A lawyer is required to avoid acting such that it appears the lawyer is providing services to the client under a full retainer. If the lawyer deems that disclosure of the nature of your retainer is necessary to meet this requirement, then the lawyer will seek your instructions to disclose this information to an opposing party and/or their counsel. Such discretionary disclosure may also be necessary where the lawyer represents you in court.... MORE »
Most Recent FAQs
Are my chances of getting the result I want higher under a general retainer as opposed to a limited scope retainer?
Your ability to manage the parts of your case you are responsible for under a limited scope retainer is a key factor in your success throughout your case.
If you do not meet procedural and substantive requirements for moving your file forward or cannot present your interests in the best possible light, then a limited scope retainer may not achieve the result you are seeking.
However, if you are able to do so, then your chances of getting the result you want under a limited scope retainer will likely be comparable to... MORE »
My decision to represent myself for certain aspects of my case is not working out as I planned. Can I upgrade my limited scope retainer to a full retainer?
It depends on the circumstances. If you took all necessary and reasonable steps to keep the parts of your case you were responsible for up to date, then a lawyer may quite likely be able to take full carriage of your file under a full retainer.
However, if you did not, then considerable time will be required to rectify the course of your proceeding. Under these circumstances, a full retainer depends on the lawyer’s ability and availability to provide full legal representation competently and efficiently.... MORE »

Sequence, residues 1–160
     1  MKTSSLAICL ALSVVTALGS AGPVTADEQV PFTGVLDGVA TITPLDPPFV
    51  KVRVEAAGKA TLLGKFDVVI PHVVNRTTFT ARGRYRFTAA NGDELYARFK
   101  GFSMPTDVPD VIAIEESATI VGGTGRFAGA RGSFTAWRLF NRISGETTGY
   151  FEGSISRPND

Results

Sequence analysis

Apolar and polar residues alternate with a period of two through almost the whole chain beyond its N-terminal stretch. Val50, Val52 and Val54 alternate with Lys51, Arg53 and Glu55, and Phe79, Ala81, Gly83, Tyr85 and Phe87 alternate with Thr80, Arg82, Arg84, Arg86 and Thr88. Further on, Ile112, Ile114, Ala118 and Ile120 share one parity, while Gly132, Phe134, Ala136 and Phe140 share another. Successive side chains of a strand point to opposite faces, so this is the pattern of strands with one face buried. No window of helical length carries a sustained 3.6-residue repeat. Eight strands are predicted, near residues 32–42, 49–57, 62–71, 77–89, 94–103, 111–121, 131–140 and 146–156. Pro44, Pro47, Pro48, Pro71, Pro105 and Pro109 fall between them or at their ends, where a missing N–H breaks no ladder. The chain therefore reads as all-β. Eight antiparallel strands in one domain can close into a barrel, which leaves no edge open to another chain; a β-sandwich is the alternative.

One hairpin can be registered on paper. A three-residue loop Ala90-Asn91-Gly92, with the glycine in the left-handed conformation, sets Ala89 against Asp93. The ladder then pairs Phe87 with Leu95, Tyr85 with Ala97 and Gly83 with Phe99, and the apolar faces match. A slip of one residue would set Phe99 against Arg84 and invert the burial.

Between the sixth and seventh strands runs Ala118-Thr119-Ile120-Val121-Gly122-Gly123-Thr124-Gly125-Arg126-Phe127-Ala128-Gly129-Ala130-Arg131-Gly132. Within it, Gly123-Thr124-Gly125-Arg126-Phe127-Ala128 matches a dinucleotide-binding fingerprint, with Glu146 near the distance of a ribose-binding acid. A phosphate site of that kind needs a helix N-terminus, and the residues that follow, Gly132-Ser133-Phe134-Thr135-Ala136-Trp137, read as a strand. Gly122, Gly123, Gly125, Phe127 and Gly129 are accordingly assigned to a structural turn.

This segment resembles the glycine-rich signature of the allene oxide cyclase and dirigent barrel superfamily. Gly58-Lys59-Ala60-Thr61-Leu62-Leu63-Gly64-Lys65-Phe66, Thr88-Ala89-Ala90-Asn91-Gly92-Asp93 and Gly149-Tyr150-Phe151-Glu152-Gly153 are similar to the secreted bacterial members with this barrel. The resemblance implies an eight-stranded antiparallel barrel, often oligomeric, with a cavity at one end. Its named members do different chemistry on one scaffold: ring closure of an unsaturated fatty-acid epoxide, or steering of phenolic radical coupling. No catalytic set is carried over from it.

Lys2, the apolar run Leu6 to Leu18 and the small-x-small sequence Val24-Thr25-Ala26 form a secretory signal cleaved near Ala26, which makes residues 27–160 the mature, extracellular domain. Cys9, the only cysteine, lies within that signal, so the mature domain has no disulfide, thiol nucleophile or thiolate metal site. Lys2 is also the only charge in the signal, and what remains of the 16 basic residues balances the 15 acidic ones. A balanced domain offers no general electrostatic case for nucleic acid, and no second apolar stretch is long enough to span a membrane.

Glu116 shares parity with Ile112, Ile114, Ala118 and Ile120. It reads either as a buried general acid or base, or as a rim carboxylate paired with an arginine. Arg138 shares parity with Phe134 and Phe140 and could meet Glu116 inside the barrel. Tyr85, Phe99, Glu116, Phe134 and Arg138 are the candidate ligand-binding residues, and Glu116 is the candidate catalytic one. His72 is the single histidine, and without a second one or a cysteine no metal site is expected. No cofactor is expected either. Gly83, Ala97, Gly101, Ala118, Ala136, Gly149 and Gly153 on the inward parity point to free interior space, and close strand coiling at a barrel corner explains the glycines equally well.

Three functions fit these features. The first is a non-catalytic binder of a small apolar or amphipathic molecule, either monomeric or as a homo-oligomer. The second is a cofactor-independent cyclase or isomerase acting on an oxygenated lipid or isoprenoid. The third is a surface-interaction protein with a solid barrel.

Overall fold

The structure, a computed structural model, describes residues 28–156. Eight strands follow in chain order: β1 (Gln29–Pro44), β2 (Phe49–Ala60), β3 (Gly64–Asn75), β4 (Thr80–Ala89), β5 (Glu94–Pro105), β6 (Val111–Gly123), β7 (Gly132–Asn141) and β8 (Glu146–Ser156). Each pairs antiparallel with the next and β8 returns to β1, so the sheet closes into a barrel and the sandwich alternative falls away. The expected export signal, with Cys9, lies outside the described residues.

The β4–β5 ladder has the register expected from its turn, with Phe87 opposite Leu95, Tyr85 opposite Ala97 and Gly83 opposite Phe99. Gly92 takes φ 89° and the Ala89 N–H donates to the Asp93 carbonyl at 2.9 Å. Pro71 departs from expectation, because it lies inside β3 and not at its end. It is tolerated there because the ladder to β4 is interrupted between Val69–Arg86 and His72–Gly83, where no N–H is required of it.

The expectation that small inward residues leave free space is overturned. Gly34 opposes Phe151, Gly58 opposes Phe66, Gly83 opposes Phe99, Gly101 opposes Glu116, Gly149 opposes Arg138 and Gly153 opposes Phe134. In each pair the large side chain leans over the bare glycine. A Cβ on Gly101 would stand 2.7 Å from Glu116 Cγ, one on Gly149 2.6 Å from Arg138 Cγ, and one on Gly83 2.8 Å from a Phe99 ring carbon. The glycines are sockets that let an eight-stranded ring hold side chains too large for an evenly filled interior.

Does a lawyer owe the same duty of professionalism under a limited scope retainer as a general retainer?
The Rules of Professional Conduct apply equally to limited scope retainers and general retainers. In other words, a lawyer working on limited scope retainer is required to provide legal services to the same level of competence, integrity and quality of service, to a name a few, as a full retainer. The Law Society of Upper Canada even added a rule delineating appropriate conduct when working on limited scope retainer. For more information, see Rule 3.2-1A of the Rules of Professional Conduct.... MORE »
Having a lawyer take carriage of certain parts of your case will alleviate some of the burden of handling your own family law dispute. When you retain a lawyer to perform specified tasks in your case, you will save time by not having to do those tasks yourself. While spending money to save money seems counterintuitive, it is not when you consider the likely alternative—a general retainer. A limited scope retainer undoubtedly saves you money when compared to full legal representation under a general retainer. The amount of time and... MORE »